Digital Safety Essentials: Building blocks for a safer internet

masked colleagues working on laptop

Liz ThomasBy Liz Thomas, Microsoft Regional Digital Safety Lead, Asia-Pacific 

We can learn a lot from the positive ways teenagers are behaving and interacting on the internet during the pandemic. 

Our latest “Civility, Safety and Interactions Online” study has shown that teens have been driving good online behavior across the globe. It also finds that digital civility has been improving overall across the AsiaPacific region, at a time when many of us spenmore of our lives on our devices.

Both are reassuring signs during a period of disruption and uncertainty.  As the pandemic drags on, we need as much “digital good”  as we can get, to ensure our online interactions are constructive, kind, and respectful.  

We also need to keep building our digital skills and literacy, while watCyberbullying illustrationching out for new cyberthreats. 

Our study, released in February, was based on research conducted last year when work, school and social interactions were all moving online due to COVID-19.  

Its findings show that young people are helping to uplift us all and drive positive interactions online.  

However, online risks such as hate speech, discrimination, and online fraud continue to proliferate. And, across all age groups, confidence in managing online risks fell to an all-time low in 2020. It’s a good reminder that we can’t neglect the essentials.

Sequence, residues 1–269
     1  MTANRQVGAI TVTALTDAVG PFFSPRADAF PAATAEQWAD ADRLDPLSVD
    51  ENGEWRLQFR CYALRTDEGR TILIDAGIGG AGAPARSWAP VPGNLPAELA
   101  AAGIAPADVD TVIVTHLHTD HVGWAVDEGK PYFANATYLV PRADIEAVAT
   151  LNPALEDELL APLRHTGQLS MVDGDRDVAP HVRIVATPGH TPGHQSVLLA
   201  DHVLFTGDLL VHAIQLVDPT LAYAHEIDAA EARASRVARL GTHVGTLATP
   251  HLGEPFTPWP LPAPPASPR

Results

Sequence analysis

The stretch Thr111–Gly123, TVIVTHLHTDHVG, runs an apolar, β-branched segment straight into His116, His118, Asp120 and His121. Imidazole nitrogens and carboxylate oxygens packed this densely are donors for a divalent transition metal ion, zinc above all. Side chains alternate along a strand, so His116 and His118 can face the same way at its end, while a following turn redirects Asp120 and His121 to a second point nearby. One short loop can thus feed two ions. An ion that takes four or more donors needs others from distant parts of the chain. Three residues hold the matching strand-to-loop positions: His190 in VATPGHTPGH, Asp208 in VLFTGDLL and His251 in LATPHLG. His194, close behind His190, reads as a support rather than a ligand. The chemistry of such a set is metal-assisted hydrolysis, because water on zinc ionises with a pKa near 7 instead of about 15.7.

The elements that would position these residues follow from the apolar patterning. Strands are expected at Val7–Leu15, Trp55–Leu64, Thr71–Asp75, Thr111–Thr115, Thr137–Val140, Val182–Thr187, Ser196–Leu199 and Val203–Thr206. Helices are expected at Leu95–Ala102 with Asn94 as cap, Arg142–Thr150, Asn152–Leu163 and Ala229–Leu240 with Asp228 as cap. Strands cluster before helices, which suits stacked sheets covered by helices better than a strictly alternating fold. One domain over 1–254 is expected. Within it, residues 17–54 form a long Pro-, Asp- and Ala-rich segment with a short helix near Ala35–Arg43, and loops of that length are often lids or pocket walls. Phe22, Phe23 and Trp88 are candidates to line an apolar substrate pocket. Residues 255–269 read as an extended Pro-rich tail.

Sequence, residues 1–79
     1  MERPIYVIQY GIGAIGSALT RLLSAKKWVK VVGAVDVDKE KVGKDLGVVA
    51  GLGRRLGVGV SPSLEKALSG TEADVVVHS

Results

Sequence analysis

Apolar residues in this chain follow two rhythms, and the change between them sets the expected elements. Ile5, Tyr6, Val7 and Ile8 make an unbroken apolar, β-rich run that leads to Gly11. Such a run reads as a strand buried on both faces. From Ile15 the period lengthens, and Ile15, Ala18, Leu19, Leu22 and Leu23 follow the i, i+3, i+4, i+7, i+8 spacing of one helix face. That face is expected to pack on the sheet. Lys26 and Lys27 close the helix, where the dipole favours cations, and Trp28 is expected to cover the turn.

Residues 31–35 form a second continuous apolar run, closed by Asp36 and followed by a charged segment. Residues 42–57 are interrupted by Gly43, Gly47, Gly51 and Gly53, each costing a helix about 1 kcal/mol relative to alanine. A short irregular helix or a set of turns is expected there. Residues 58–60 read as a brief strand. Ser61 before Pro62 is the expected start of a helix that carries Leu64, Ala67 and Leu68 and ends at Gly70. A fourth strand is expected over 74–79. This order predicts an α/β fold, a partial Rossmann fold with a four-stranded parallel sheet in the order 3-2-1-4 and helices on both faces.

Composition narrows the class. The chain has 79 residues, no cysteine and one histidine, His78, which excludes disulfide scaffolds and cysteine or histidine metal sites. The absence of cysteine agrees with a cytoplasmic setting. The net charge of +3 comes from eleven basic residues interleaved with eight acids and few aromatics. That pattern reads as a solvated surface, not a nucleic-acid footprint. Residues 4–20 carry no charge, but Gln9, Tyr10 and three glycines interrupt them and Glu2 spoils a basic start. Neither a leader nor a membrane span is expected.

To support a continued focus on the foundational skills for keeping safe online, we are pleased to launch a new resource for teens and their teachers: Digital Safety Essentials for students and teachers. Intended to support learning in an online or hybrid environment, the site provides digital safety and civility guidance for teens, as well as quick quizzes and downloadable notes for teachers.

Illustration of digital toolsThese resources can support classroom discussions on four essential digital safety topics:

  • Protecting your data and identity 
  • Putting a stop to cyberbullying 
  • Wising up to risks, and  
  • Being a good digital citizen 

If you are a teen wanting to test your knowledge or an educator looking for some new material to support in-class learning, we encourage you to check it out! For additional resources, don’t forget our wide range of online safety tips. 

We’re also working with teens in our 2021 Council for Digital Good and its sister Council for Digital Good Europe – keep an eye out for updates as council members share their views on the issues facing young people online and about how we can collectively create safer, healthier, more respectful online interactions. Find out more at Microsoft On the Issues, as well as on Facebook (@saferonline) and Twitter (@Safer_Online). 

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